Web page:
Most artists and writers keep their inner space sacred and inviolate. It’s the core from where their creativity springs. Some keep their inner world more private than others.
While plenty of male writers have suffered from (or have preferred) isolation, this musing will focus on well known female writers. Confinement periods can be an advantage for women writers, as their extra-curricular activities may slow down.
Seeking solitude doesn’t make a writer antisocial. Perhaps periods of quarantines made it easier for writers to carve out specific periods of time where they can work in blissful solitude. A brief look at women authors of the past shows that self-imposed sequestration isn’t such a crazy thing to do, after all. Read More→
Here are 13 essential works (according to Literary Ladies’ Guide1) of classic feminist fiction. Some of the books listed here were considered daring (and sometimes shocking) in their time. The courage and foresight of these creators granted the women who came after them the freedom to speak their truths and more readily see them in print.
These timeless classics have proven foundational for contemporary feminist novels. From Jane Eyre (1847), Charlotte Brontë’s gothic romance, through Octavia Butler’s Afro-futurist Parable of the Talents (1998), the books listed here feature heroines who continue to inspire and surprise.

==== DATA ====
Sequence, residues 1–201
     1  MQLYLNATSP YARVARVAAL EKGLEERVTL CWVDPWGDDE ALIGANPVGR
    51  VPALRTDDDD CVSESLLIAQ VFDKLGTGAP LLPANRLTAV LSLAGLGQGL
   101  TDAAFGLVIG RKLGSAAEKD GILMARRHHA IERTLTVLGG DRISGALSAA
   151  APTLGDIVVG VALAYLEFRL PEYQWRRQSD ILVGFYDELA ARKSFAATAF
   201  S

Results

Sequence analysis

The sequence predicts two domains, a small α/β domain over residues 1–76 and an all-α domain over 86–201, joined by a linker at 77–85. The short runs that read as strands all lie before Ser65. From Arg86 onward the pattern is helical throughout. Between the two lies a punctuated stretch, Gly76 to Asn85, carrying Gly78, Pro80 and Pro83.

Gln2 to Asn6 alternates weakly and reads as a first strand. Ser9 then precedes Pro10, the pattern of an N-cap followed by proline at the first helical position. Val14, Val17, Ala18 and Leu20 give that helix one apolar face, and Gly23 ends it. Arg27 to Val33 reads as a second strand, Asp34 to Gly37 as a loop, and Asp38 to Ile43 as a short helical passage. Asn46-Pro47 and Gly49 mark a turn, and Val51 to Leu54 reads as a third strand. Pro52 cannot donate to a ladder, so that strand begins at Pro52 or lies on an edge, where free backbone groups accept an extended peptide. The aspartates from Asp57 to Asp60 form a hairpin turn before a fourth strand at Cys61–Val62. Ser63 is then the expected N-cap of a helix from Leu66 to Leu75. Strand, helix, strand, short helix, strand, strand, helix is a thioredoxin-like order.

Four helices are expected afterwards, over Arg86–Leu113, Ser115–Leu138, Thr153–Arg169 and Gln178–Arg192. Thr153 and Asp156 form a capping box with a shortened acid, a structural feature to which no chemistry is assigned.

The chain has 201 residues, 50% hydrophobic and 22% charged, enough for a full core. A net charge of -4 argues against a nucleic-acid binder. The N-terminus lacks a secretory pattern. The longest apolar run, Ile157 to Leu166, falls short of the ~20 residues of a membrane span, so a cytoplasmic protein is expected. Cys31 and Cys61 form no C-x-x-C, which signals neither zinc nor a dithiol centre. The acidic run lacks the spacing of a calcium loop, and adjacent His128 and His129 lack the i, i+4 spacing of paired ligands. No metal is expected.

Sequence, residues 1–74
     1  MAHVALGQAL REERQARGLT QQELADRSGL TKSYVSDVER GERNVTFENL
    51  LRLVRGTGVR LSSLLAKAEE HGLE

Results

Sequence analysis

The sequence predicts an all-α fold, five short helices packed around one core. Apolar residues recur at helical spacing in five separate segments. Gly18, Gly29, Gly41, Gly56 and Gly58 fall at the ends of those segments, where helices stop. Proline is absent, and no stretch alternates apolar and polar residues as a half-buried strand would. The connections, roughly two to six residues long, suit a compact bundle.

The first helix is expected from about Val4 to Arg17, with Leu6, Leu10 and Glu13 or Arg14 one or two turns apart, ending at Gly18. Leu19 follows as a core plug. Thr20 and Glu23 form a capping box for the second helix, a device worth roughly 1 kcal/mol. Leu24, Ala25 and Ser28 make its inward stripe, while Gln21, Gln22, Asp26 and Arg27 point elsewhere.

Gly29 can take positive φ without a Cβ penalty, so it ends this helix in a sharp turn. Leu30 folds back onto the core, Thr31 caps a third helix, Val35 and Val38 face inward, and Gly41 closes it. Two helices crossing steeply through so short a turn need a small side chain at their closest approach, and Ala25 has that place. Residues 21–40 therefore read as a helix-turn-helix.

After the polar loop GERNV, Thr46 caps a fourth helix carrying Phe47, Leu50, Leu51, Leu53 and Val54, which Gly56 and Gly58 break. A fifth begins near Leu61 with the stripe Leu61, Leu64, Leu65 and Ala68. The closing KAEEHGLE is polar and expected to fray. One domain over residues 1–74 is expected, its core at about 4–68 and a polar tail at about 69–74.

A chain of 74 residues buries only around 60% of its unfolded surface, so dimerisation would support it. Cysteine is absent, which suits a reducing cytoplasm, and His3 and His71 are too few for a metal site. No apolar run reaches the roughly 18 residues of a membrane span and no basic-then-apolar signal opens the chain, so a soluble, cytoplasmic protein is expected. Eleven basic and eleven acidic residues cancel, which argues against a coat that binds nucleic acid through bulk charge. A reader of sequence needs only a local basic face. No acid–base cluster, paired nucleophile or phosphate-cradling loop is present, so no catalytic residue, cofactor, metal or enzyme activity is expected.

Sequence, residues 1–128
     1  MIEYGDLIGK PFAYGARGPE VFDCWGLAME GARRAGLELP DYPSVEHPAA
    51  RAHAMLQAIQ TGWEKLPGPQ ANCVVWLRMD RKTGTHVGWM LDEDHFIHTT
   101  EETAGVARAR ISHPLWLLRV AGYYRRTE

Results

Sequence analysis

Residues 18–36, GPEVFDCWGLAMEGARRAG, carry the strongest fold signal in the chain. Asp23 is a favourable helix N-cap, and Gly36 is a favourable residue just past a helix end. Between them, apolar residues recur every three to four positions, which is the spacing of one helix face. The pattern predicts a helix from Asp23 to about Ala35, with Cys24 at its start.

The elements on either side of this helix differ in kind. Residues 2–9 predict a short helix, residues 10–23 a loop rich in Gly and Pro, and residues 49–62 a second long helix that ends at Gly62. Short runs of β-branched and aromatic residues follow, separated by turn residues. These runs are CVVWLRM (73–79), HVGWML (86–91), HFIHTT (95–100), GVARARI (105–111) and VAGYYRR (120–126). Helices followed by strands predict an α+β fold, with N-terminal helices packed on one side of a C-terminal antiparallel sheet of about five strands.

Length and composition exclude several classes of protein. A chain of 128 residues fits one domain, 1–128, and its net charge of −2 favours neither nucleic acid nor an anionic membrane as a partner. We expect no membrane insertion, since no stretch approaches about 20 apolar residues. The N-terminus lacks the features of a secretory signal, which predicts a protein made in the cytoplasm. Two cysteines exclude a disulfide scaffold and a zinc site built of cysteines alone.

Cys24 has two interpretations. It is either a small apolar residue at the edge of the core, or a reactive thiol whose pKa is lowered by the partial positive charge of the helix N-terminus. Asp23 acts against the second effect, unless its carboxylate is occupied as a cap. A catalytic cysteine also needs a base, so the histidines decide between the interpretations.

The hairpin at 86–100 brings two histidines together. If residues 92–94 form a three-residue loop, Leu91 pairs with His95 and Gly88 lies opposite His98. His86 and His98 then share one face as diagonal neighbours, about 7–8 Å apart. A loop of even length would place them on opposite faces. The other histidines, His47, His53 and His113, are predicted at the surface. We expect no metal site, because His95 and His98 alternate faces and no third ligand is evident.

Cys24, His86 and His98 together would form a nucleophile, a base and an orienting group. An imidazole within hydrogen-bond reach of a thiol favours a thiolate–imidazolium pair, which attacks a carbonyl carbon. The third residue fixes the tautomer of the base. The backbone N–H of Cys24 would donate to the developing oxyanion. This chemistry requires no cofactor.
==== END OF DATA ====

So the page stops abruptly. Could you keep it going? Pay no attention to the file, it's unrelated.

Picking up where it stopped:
Following is a listing (alphabetically, by last name) of classic women authors’ biographies currently on this site. Please note that this site lists only women authors who are deceased. These are the women authors whose shoulders today’s writers stand on!
We’re continually adding authors to the site; you’ll find many more we haven’t yet posted. They’re on our wish list, which also details writer’s guidelines for those who may want to contribute biographies, or any other great content relating to classic women authors. Read More→
Here’s a sampling of classic women novelists whose books deserve to be rediscovered and read. On the subject of women writers worth rediscovering, the argument can be made that ninety percent of the authors on this site were once widely read, but have since fallen under the literary radar.
Some of the authors highlighted on this site are still well known, both in academic realms and by the general public; some have never fallen by the wayside; others have indeed been rediscovered after falling into obscurity — Zora Neale Hurston is a prime example of the latter case.
If you’d like a taste of a classic author’s work but don’t have the time or patience to read a tome, consider the novella form. Here we’ll look at novellas by classic women authors that make great introductions to to their work.
What defines a novella? It’s generally based on word count of between 17,000 and 40,000, though it isn’t always so cut and dry. The Awakening by Kate Chopin is often described as a novella, though as far as word count, it’s slightly outside that parameter. Read More→